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Arizona State University urban planning students received first place this month in the 2021 American Planning Association Arizona Chapter (AZ-APA) Awards’ best student-led planning project category for their work that helped assess current and future housing opportunities for the city of Peoria.
“The award is a reflection of our students' passion and commitment to excellence in responding to current planning challenges,” said Deirdre Pfeiffer, associate professor and associate director of planning in the School of Geographical Sciences and Urban Planning. “The award also conveys the value of Project Cities in helping to facilitate high-quality experiential learning opportunities for our students.”
Nearly two dozen Master of Urban and Environmental Planning students across two planning courses joined together to complete the project titled, “Preliminary Housing Analysis & ADU Policy Recommendations for Peoria, AZ.”
The students, in collaboration with ASU’s Project Cities, a university-community partnership program, worked with the city of Peoria’s Departments of Planning and Community Development and Neighborhood and Human Services to research two affordable housing challenges in Peoria: a needs assessment and a policy strategy for accessory dwelling unit ordinances.
Peoria is one of the fastest-growing cities in the Phoenix metropolitan area but competing demographic pressures coupled with limitations in affordable housing availability have spurred consideration of alternative options to help their citizens secure sustainable housing.
Students in the School of Geographical Sciences and Urban Planning’s Urban Housing Issues course worked to assess existing housing needs and future trends for Peoria’s growing population, while students in the school’s Planning Workshop class evaluated the opportunities for policies around accessory dwelling unit ordinances in Peoria as a potential response to housing needs.
Accessory dwelling units are small, secondary living facilities that are on the same lot as a primary dwelling, like a converted basement or freestanding backyard structure that has its own kitchen, bathroom and utilities.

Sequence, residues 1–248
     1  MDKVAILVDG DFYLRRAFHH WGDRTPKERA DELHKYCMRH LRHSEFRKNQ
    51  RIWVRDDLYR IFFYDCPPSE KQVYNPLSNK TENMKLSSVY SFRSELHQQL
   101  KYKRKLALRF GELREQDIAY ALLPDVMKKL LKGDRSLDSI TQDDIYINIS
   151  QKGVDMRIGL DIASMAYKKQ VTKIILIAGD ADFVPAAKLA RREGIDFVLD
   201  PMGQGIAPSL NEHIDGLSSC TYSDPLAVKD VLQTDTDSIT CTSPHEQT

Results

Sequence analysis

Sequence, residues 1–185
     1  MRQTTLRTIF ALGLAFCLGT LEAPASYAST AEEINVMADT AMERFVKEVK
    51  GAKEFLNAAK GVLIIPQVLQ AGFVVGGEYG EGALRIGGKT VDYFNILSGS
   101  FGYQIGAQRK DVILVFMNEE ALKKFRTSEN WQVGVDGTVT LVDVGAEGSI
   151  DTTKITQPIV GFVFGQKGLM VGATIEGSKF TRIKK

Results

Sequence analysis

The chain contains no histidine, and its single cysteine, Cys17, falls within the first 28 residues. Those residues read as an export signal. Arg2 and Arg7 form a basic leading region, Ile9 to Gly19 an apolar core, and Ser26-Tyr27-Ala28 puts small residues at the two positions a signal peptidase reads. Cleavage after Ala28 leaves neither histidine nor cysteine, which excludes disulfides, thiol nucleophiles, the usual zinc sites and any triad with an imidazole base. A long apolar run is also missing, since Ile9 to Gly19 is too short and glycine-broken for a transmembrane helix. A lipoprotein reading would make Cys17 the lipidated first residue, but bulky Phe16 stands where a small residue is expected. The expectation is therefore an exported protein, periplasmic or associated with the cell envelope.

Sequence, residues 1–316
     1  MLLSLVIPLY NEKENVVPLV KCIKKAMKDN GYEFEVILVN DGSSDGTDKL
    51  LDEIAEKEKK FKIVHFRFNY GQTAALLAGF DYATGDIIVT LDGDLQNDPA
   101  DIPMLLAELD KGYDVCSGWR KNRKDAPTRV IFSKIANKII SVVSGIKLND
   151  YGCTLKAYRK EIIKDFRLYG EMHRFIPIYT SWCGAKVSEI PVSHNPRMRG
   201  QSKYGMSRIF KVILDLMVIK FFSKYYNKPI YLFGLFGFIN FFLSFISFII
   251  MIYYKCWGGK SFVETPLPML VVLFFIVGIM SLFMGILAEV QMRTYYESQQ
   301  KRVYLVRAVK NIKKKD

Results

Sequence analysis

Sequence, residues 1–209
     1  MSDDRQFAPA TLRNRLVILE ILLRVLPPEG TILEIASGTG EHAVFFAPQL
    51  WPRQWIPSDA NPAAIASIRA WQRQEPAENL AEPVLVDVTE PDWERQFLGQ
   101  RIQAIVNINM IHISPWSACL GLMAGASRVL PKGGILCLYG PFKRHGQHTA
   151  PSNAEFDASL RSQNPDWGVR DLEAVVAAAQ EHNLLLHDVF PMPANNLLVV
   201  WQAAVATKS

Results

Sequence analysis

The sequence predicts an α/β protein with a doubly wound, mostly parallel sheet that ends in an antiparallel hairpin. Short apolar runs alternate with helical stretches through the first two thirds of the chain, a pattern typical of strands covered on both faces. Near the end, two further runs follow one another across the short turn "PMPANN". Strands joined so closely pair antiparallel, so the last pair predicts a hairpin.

Over the course of the spring 2021 semester, students analyzed demographic and housing market data, conducted interviews and focus groups with Peoria stakeholders and developed community case studies with detailed zoning code analyses. The students then aligned their research and tailored their recommendations with local perspectives and broad community interests in mind.
“I most enjoyed the difficulty of finding data that you need to tell as complete of a story as you can about a city,” said Noah Schumerth, a Master of Urban and Environmental Planning student and project manager for the housing needs assessment component of the project. “This process helps you to connect with a community and learn what sets it apart from similar places; something that all planners need to do in the places in which they are working.”
The two student groups each created individual reports that, when integrated together, provided Peoria’s planners and decision-makers a comprehensive look at housing needs and forward-looking policy recommendations for the city. Both classes presented their work to the city of Peoria as part of a Project Cities Showcase, which included participants from the city’s deputy manager’s office and the city of Peoria’s Departments of Planning and Community Development and Neighborhood and Human Services.
“The Project Cities effort was a fruitful interactive process that gave the city of Peoria a thorough, well-sourced deliverable while providing the students an opportunity to gain valuable experience as a consultant by responding to client needs in order to inform policy decisions for years to come,” said Cody Gleason, principal planner for the city of Peoria, and city of Peoria planning liaison to the project. “I am sure that I speak for all of the Peoria staff involved in the project when I say that it was a pleasure working with ASU students, faculty and staff.”
For students, the project enabled them to have applied planning experiences, preparing them for the types of projects that they might participate in as a planner while helping to build a more sustainable housing market for a local community.
“We all are thankful for the opportunity provided by ASU Project Cities to participate in a project beyond the walls of a virtual classroom, particularly in a time when COVID-19 has restricted opportunities to get hands-on experience in local communities,” Schumerth said. “Our team is honored to receive this award from the AZ-APA, and we're thankful for the ways that the AZ-APA takes the time to elevate the amazing work being done by planning students across Arizona.”